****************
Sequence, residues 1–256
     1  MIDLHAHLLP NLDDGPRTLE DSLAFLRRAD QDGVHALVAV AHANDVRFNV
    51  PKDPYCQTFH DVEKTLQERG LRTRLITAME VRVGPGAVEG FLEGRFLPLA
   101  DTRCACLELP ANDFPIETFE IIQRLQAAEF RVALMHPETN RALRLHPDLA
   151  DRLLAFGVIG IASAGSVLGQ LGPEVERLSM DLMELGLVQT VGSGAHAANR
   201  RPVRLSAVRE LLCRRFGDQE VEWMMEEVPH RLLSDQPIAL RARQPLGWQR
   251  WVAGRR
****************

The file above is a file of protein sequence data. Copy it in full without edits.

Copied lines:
Sequence, residues 1–256
     1  MIDLHAHLLP NLDDGPRTLE DSLAFLRRAD QDGVHALVAV AHANDVRFNV
    51  PKDPYCQTFH DVEKTLQERG LRTRLITAME VRVGPGAVEG FLEGRFLPLA
   101  DTRCACLELP ANDFPIETFE IIQRLQAAEF RVALMHPETN RALRLHPDLA
   151  DRLLAFGVIG IASAGSVLGQ LGPEVERLSM DLMELGLVQT VGSGAHAANR
   201  RPVRLSAVRE LLCRRFGDQE VEWMMEEVPH RLLSDQPIAL RARQPLGWQR
   251  WVAGRR